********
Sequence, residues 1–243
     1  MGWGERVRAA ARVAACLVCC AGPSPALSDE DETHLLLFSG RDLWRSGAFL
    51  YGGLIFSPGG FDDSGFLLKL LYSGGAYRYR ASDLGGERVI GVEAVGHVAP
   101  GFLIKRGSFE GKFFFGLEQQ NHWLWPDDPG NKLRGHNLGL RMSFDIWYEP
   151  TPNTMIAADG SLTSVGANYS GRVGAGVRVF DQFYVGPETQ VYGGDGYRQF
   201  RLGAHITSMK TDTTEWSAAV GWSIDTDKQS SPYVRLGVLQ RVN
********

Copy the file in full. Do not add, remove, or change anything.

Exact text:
Sequence, residues 1–243
     1  MGWGERVRAA ARVAACLVCC AGPSPALSDE DETHLLLFSG RDLWRSGAFL
    51  YGGLIFSPGG FDDSGFLLKL LYSGGAYRYR ASDLGGERVI GVEAVGHVAP
   101  GFLIKRGSFE GKFFFGLEQQ NHWLWPDDPG NKLRGHNLGL RMSFDIWYEP
   151  TPNTMIAADG SLTSVGANYS GRVGAGVRVF DQFYVGPETQ VYGGDGYRQF
   201  RLGAHITSMK TDTTEWSAAV GWSIDTDKQS SPYVRLGVLQ RVN